The fact too that, far from commissioning a new recording as is their usual practice, Naxos have utilised one that has been languishing in somebody’s archives for well over twenty years, might lead a casual observer to suspect that here we have a project that is running out of steam.
But, rather to my surprise, this turned out to be one of the series’ more enjoyable excursions along the by-ways of Glazunov’s oeuvre.
The story behind the rarely-staged ballet is one of two young aristocrats who have been betrothed by their families without ever seeing each other. The girl, Isabella, plans to test her fiancé Damis secretly to see if he would still love her if he thought she were merely a commoner. She therefore disguises herself as a maidservant and, by the end of the ballet, is delighted to find him prepared to give up the planned wealthy marriage in order to run away with a supposed servant girl for the sake of True Love. In that pre-feminist era, it doesn’t seem to have occurred to her that it arguably proves that he’s a deceitful rat who’s prepared to abandon his sworn fiancée for a bit of cheap sexual gratification.
That brief outline explains the confusing variety of names under which Glazunov’s op.61 may be found: Les ruses d’amour (“Love’s tricks”), Lady soubrette or The trial of Damis. Thus, if you bought Evgeni Svetlanov’s Glazunov compilation that I reviewed a few months ago (see here) you will already own Lady soubrette and so need to be aware that you would be duplicating your purchase – not that there is anything necessarily wrong with that! – with this new release of Les ruses d’amour.
The score is certainly a very appealing one. On the one hand, Glazunov makes use of strong elements of pastiche, based on musical forms and even some specific scores from the 17th and 18th centuries. But he combines that, highly successfully, with the typically Russian rhythmic vigour and lyrical Romantic sweep that had characterised his 1898 ballet Raymonda.
Andreescu is, in general, a somewhat self-effacing interpreter who is disinclined to overplay those moments of musical ardour to which Svetlanov, for instance, gives more than full rein. The Russian conductor’s approach is, in fact, consistently the more theatrical one – but I know that there are some who find his usual heart-on-sleeve manner rather too much when heard away from the context of the Front Stalls. Andreescu is clearly a very accomplished musician (for more on his background see here) whose way with the music is an equally enjoyable one. He is well supported by his skilled orchestra whose obvious abilities suggest that while the odious Ceausescus may have crippled many other aspects of Romanian life in the last decade of their rule, musical standards in the 1980s remained high. The sound engineers have also done a fine, discrete job and the score’s many delicate moments are rendered quite delightfully: Svetlanov, by contrast, is recorded in a more reverberant acoustic that suits his Technicolor interpretation.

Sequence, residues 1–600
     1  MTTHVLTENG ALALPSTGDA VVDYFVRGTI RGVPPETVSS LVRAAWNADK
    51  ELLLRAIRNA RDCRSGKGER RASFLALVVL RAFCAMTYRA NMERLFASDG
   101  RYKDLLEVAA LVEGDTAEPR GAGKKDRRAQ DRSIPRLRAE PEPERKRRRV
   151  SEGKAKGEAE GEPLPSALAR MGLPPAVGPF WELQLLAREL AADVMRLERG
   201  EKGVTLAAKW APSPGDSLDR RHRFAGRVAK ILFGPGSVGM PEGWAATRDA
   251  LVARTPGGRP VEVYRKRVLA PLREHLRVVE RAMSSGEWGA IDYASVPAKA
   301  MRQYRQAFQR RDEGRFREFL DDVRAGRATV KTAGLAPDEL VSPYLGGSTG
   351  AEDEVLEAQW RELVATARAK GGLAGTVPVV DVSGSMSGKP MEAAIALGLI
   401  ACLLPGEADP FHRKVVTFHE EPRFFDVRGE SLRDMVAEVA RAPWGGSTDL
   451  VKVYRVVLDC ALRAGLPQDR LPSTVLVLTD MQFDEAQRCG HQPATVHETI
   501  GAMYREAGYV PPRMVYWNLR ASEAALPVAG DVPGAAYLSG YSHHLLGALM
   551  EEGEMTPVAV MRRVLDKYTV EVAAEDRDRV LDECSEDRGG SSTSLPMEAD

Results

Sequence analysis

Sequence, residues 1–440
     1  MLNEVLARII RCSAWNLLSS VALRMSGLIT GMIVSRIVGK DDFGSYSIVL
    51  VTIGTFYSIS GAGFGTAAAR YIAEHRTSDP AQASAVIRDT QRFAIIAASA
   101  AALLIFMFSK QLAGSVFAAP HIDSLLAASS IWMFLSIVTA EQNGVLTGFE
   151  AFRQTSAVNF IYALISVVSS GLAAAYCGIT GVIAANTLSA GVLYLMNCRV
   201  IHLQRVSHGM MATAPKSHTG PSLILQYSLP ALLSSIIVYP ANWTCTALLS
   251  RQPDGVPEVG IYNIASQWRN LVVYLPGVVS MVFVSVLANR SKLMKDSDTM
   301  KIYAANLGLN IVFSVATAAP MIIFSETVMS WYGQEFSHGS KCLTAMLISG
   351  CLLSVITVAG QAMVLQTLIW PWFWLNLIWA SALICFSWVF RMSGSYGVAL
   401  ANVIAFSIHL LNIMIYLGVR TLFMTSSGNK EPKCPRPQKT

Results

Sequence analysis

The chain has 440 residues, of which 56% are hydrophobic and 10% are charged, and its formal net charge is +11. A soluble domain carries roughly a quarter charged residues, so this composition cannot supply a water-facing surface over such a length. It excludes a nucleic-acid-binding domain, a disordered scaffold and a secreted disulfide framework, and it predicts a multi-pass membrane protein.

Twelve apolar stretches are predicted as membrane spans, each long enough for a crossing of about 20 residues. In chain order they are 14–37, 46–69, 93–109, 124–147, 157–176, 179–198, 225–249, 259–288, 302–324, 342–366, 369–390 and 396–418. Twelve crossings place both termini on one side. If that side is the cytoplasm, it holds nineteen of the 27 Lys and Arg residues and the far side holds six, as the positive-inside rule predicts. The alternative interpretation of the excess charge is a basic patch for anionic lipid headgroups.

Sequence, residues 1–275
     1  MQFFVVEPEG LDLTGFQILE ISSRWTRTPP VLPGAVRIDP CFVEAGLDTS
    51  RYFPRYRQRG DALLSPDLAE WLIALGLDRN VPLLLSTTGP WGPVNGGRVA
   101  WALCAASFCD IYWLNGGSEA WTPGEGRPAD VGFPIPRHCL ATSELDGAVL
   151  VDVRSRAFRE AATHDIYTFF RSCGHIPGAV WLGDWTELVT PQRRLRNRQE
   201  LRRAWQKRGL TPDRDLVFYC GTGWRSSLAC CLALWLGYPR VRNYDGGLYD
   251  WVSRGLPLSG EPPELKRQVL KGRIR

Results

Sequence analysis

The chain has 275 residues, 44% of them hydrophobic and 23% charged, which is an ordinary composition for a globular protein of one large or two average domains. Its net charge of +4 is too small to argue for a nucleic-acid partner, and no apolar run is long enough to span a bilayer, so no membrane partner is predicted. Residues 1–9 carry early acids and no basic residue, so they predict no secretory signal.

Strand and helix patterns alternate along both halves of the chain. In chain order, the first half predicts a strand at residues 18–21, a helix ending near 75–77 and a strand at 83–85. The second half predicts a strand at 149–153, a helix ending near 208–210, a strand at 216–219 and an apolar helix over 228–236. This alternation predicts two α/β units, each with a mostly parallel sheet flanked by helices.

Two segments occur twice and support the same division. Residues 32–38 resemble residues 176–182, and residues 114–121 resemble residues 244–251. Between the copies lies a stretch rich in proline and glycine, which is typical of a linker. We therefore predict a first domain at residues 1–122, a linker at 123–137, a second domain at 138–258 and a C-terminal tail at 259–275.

Completists will want volume 19 of this Naxos series simply because they already have volumes 1-18 on their shelves. Ballet enthusiasts will enjoy hearing a score that has sometimes in the past been excerpted but rarely heard in full. But this tuneful music – very competitively priced – deserves a wider currency than that.
Is it too much, by the way, to hope that some enterprising ballet company might stage Les ruses d’amour one day soon? It would make a great double bill, I venture to suggest, with Glazunov’s tuneful and inventive ballet score The Seasons.
Rob Maynard